The Department for Education has stressed that children should be in school and not missing out on lessons after hundreds of schoolchildren staged walkouts in pro-Palestine protests, organised by a far-left group.
But in a statement to Jewish News, the DfE also said it recognised “young people should be able to peacefully express their views”, as anti-Israel protests took place across several cities in the UK over the past week in response to Israel’s war on Hamas in Gaza.
Jewish News has been made aware of a child under the age of 10 who was seen standing alongside parents chanting From The River To The Sea at a “school strike” in one London borough.
The hardline Stop the War Coalition is responsible for helping organise this week’s national school strike for Palestine walkouts in London, Bristol, Manchester, Glasgow and Burton.
After an initial response from the DfE, Education Secretary Gillian Keegan later said:”I’m deeply concerned that some children are attending political protests during the school day.
“Even more so if they’re taking part in, or being exposed to, antisemitic chants.
“This should be treated with the utmost seriousness – missing school for activism is unacceptable.”
Senior members of the group include John Rees, a hard-left ex-Socialist Workers Party leader, who in 2009 said he was a “supporter” of Hezbollah and Hamas, saying that such “resistance” groups are “a legitimate part of [our] movement”, likening them to French and Italian partisans fighting the Nazis in the Second World War.
Other senior figures in Stop The War include deputy president Jeremy Corbyn, and Lindsey German, who has repeatedly faced criticism over comments on Israel, and on antisemitism.
Stop The War issued a template on how to organise a school strike, which included the claim the group had been “assured by those working in schools” that pupils taking part in the Palestine demos would “count as an unauthorised absence.”
It added:”A child can have up to four days in a row unauthorised.”
In Tower Hamlets, in East London on Thursday hundreds of schoolchildren and adults marched chanting “Israel is a terror state” as pupils from several schools joined early afternoon protests.
Later, Jewish News was told that at one school in the borough, girls left the building without permission through fire exits to attend a protest.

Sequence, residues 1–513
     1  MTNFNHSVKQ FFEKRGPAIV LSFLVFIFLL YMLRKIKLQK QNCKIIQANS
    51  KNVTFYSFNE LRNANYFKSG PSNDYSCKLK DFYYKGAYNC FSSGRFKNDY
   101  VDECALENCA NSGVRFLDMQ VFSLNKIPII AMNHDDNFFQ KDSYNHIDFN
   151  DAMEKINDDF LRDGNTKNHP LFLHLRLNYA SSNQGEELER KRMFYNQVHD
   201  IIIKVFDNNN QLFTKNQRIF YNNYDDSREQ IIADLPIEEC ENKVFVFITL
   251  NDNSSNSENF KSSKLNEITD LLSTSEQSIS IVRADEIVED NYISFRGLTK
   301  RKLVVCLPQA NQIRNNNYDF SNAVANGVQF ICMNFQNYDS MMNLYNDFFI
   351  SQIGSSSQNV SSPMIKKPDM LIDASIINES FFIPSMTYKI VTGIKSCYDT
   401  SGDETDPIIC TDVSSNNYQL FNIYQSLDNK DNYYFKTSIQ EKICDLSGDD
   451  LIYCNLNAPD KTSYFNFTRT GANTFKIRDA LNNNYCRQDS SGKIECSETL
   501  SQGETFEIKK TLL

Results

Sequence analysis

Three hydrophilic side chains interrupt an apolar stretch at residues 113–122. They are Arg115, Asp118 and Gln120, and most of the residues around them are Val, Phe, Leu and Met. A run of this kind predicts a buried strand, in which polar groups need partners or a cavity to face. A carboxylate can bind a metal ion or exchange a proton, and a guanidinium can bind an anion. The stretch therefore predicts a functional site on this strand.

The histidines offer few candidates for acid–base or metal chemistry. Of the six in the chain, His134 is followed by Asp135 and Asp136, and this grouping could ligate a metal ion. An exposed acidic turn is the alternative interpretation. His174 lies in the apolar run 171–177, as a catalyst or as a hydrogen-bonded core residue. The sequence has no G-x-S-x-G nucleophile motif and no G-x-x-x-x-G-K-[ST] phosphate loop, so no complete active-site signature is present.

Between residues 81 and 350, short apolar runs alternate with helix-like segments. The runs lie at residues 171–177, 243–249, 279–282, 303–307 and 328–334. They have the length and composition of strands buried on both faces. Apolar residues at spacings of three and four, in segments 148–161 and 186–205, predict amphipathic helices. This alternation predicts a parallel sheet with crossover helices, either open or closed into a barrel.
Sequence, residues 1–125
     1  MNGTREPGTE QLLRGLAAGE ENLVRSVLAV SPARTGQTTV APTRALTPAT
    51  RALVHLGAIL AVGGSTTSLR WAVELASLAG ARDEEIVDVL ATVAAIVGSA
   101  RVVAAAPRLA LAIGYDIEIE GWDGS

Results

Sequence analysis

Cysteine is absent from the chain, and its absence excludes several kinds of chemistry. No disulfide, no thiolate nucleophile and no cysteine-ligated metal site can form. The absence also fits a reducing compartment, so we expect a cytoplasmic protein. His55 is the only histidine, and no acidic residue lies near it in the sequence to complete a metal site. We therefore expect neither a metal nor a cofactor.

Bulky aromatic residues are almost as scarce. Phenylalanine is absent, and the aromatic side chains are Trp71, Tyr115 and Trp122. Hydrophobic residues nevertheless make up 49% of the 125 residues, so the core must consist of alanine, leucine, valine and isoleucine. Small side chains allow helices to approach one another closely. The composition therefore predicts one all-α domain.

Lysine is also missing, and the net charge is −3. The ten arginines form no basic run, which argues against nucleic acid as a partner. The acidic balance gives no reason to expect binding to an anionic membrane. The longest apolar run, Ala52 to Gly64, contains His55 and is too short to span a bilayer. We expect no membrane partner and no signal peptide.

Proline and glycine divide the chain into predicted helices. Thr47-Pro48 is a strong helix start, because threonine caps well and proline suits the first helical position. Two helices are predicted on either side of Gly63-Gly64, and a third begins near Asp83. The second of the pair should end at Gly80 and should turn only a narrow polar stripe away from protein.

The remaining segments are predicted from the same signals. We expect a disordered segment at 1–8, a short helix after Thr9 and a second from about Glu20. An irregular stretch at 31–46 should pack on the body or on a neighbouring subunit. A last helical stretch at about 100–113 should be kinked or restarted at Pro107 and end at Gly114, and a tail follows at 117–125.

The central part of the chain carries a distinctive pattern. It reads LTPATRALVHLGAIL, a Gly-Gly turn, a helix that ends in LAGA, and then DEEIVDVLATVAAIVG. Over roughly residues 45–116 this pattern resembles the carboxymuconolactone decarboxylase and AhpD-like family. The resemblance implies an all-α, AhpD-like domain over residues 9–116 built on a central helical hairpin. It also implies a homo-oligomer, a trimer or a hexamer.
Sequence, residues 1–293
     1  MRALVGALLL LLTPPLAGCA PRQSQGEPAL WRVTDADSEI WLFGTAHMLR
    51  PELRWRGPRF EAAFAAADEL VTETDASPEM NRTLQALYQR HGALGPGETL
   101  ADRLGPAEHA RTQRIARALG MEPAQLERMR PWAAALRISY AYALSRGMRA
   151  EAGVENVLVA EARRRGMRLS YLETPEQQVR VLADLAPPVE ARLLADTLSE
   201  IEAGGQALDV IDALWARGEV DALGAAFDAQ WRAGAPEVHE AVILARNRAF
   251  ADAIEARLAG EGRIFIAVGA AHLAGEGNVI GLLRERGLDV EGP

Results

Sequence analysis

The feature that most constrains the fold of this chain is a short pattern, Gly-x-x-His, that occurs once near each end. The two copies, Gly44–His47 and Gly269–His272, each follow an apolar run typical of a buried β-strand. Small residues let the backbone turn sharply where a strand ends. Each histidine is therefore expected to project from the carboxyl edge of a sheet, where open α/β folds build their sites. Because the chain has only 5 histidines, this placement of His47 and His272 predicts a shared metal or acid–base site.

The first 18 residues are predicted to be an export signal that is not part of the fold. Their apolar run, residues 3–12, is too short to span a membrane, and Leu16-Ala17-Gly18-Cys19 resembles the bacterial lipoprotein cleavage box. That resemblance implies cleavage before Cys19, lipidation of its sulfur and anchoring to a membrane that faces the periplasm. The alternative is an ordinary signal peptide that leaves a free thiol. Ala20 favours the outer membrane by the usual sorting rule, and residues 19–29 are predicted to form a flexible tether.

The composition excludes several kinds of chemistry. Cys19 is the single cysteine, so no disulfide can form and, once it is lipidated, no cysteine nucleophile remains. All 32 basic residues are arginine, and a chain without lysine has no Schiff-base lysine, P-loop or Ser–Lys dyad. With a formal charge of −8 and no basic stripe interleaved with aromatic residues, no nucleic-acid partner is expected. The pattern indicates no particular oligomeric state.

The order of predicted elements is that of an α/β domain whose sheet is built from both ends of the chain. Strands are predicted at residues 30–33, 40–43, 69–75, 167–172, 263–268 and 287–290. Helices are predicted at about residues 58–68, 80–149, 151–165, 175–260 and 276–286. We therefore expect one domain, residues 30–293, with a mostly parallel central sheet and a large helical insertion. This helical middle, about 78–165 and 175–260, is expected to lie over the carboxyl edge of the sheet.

Teachers were unable to stop the girls attending, so followed them to ensure that safeguarding measures were in place.
It is understood that parents have been contacted and asked to attend interviews with headteachers, with detentions booked for Saturday.
Sources said the protests had been allowed in respect of the fact that pupils had stage similar actions of solidarity in support of Ukraine, and on climate change.
Shabbir Lakha, an official in the STWC, filmed video of children on the protests and posted the footage on X, formerly known as Twitter.
Tower Hamlets students now marching to @rushanaraali’s office after she shamefully refused to vote for a ceasefire last night. #SchoolStrikeForPalestine #FreePalestine ???????? #CeasefireNOW pic.twitter.com/MGGpeNlPo6
— Shabbir Lakha (@ShabbirLakha) November 16, 2023
Meanwhile in Redbridge, around 500 children took part in protests on Friday morning, which began at 10am meaning many pupils did not even attend school.
Police officers attended the protests, which saw banners and Palestinian flags waved, and chants including “From The River To The Sea” were again heard.
Redbridge Labour councillor Lloyd Duddridge, the cabinet member for children, young people and education in the borough told Jewish News:” In Redbridge you don’t get to play politics with children’s education. Every child today should be in school. No ifs, no buts.”
In Haringey council leader Peray Ahmet issued a statement in response to earlier school strikes in the borough, saying:”I know that events in the Middle East is having a profound and direct effect on many of our residents here in Haringey. I also know that many of us are worried about the increasing antisemitism and Islamophobia here in the UK.
“We’re really clear here in Haringey that we have zero tolerance for antisemitism, Islamophobia or any kind of hate.”
A number of students of Hornsey School for Girls have been either expelled or temporarily excluded over a series of incidents, including pupils painting Palestinian flags on their hands and staging a walkout of an assembly.
Asked to comment on concerns raised by Jewish parents about the impact of the protests on their children a DfE spokesperson said: “Children should be in school. While we recognise these young people should be able to peacefully express their views, we do not condone them missing out on their education.”
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